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Tommy Tuberville

Why GOP senators frustrated by Tuberville blockade on military promotions may go against one of their own

WASHINGTON — Senate Republicans may be preparing to go against one of their own. 

Frustrated by Sen. Tommy Tuberville’s continued blockade of military appointments and promotions, multiple members of his caucus are warning they may soon side with Democrats to change procedure and allow the approval of military appointments as a group if the Alabama senator doesn’t let up. 

Earlier this week, the Senate Rules Committee advanced a plan to allow mass consideration of military nominees through the end of the Congress with a simple majority vote, breaking the logjam Tuberville has created. 

Leading Republicans on the committee said they couldn’t support it — arguing it could weaken a crucial procedural tool for the minority party — but hinted that they may come on board if other options don’t work. Nine Republicans would need to join with Democrats to put it into effect.

Sen. Tommy Tuberville, R-Ala., arrives for a Senate Armed Services Committee hearing on Navy Adm. Lisa Franchetti's nomination for reappointment to the grade of admiral and to be Chief of Naval Operations, Thursday, Sept. 14, 2023, on Capitol Hill in Washington. (AP Photo/Jacquelyn Martin) ORG XMIT: DCJM102

Since February, Tuberville has single-handedly blocked more than 400 military appointments and promotions in protest of a Pentagon policy that provides time off and travel funds for service members who need to go to another state to receive an abortion.

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Early Thursday morning, after the Senate approved the funding extension to avert a government shut down, Republican Sens. Joni Ernst of Iowa and Dan Sullivan of Alaska made another unsuccessful push to break through Tuberville’s hold on dozens of nominees. They argued the backlog is impacting military readiness and could endanger the country’s national security.

As Sullivan and Ernst began their attempt, Sen. Lindsay Graham of South Carolina gave heated remarks about the impact of the continued block and indicated he may vote to advance Democrats’ proposal. 

"I promise you, this will be the last holiday this happens," Graham said, referring to the Thanksgiving holiday most members would soon leave town to celebrate. “If it takes me to vote to break loose these folks, I will.”

Senate Minority Leader Mitch McConnell on Tuesday said the administration’s policy is “atrocious.”

But Tuberville’s response “is not the way to reach the desired outcome he and I share,” he said. “In fact, it’s created a nearly unprecedented situation for the Senate to address.”

He told the Rules committee he wouldn’t support the rule to bypass Tuberville because he wanted to pursue other options first, but left the door open to change his mind later, saying he opposes it “at this particular moment.”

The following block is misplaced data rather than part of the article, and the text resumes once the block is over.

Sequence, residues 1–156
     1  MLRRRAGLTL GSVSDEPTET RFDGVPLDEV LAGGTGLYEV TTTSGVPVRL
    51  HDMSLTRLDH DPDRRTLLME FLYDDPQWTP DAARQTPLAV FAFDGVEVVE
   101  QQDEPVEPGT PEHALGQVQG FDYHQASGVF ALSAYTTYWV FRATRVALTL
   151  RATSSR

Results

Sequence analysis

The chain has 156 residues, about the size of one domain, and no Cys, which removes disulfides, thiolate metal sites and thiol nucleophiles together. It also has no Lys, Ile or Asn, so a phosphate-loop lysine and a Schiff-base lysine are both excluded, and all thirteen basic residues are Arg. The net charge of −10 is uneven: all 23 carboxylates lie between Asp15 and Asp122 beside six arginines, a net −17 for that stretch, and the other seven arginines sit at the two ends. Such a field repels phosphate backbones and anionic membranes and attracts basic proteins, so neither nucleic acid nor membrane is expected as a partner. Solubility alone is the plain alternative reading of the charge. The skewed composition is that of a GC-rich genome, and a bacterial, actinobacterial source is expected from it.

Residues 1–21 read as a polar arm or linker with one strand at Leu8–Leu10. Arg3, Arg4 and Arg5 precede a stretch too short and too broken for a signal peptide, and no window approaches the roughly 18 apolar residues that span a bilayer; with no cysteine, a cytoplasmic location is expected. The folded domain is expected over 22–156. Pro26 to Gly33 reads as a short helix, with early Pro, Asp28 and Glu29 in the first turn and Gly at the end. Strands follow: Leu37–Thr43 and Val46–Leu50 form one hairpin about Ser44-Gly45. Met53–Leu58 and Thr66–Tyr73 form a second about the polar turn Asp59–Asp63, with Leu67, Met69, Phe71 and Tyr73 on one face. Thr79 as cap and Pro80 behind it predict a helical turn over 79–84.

Senate Minority Leader Mitch McConnell (R-KY) speaks to reporters following the weekly Senate Republican caucus lunch at the U.S. Capitol on November 14, 2023 in Washington, DC.

Despite their complaints, many of Tuberville’s GOP colleagues have so far been hesitant to bypass him — both to preserve the rule and out of respect for someone who is .

Tuberville has argued that the Pentagon’s policy is a violation of the Hyde Amendment, which bars the federal government from paying for abortions. The Defense and Justice Departments have said the policy is legal because it does not directly pay for abortion. 

“This is a policy that is illegal and immoral. This is about life and it's also about the rule of law,” Tuberville said on the floor last week. “It's about whether we make laws at the Pentagon or whether we follow the Constitution. This is also about the integrity of our military.”

The Pentagon implemented the policy last summer, shortly after the Supreme Court overturned Roe v. Wade. The court decision prompted a patchwork of abortion laws across the country, which could create additional cost and time constraints for service members stationed in more restrictive states who are seeking an abortion. In justification of the policy, Defense Secretary Lloyd Austin said that burden would make it difficult to recruit and retain qualified troops.

Both Democrats and Republicans have complained for months that Tuberville’s blockade is impacting military readiness. If left unimpeded, McConnell said the block would impact 90% of the country’s most senior military commanders by the end of the year.

Ernst and Sullivan’s attempt to bypass Tuberville Thursday was the second time GOP frustrations have boiled over on the Senate floor. Two weeks ago, conflict in Gaza and a Marine Corps leader’s medical emergency prompted multiple GOP senators to publicly beg him to release the hold.

Tuberville has been able to block the advancement of hundreds of nominees because of the unique rules of the Senate. All 100 senators are required to fast-track consideration of nominees, making it possible for any one senator to jam up the process. 

The majority leadership typically bypasses it by holding votes to sidestep the hold. But because there are so many military nominations and promotions, Democrats would have had to override each hold individually, eating up precious time on the floor.

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